Thank Shanghai’s Golden Age for Hong Kong cinema
The Golden Age of Shanghai lasted from 1927, when the city was made relatively autonomous, to 1937. Some 35,000 foreigners controlled almost half the city in colonial trading enclaves with their own laws that discriminated against Chinese.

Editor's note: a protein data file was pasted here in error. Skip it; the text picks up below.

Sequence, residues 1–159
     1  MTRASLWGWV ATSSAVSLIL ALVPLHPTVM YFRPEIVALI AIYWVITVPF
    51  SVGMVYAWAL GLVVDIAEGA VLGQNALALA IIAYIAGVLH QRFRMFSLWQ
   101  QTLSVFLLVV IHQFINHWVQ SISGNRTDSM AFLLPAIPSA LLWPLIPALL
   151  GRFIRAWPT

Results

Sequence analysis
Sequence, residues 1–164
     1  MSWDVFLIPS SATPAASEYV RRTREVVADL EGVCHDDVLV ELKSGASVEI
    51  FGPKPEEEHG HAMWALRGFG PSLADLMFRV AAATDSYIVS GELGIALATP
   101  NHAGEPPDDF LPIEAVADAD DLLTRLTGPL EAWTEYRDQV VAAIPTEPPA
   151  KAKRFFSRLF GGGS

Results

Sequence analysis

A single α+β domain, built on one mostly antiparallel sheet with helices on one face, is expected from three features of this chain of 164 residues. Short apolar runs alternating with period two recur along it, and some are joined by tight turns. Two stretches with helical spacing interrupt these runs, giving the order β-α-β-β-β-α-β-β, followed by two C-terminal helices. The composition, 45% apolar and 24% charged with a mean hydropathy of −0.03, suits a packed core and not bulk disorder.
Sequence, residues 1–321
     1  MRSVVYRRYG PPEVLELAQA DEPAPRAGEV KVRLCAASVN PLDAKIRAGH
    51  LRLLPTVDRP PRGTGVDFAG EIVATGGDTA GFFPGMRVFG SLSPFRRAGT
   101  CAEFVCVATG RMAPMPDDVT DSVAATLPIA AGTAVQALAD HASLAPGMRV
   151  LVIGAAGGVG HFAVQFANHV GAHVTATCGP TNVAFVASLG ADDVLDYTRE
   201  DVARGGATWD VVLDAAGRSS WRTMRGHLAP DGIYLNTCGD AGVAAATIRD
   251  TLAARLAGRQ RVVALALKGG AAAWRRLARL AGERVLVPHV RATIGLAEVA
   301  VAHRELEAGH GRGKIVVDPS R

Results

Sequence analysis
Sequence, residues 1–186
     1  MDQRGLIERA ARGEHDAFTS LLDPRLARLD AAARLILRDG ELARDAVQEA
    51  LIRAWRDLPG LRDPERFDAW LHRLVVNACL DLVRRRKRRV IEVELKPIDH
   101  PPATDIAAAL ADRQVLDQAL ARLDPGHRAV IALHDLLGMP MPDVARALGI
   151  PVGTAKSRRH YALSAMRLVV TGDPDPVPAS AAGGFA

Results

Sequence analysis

n a city full of influences from around the world, it's no surprise that intellectuals and artists flourished and it was the first mainland city to see modern Chinese cinema and popular music. In 1932, Shanghai was the world's fifth largest city and home to 70,000 foreigners, including many White Russians and Jewish refugees from the new Soviet Union and later 30,000 Jewish refugees from Europe. Japan invaded China in 1932 and the Battle of Shanghai in 1937 resulted in the Japanese occupation of the Chinese administered parts of Shanghai followed by the murder of up to 300,000 people in Nanking. In 1941, all of Shanghai was occupied and the Japanese remained until the end of World War II in 1945. The birth of the Communist People's Republic of China in 1948 marked the final end of this era of Shanghai’s history, when most of the remaining artists fled to Hong Kong, kicking off its famous film and music industry. Hong Kong film has boomed since then, rivalled only by Hollywood and Indian cinema. From Sammo Hung's Mr Vampire, which AV Club describes as "a cultural event throughout Asia on the level of Ghostbusters in the United States", to the genre-defining action films of John Wood (a style that he later took to Hollywood), Hong Kong's comparative freedom within Chinese culture is a blessing to both West and East. And it all started in Shanghai.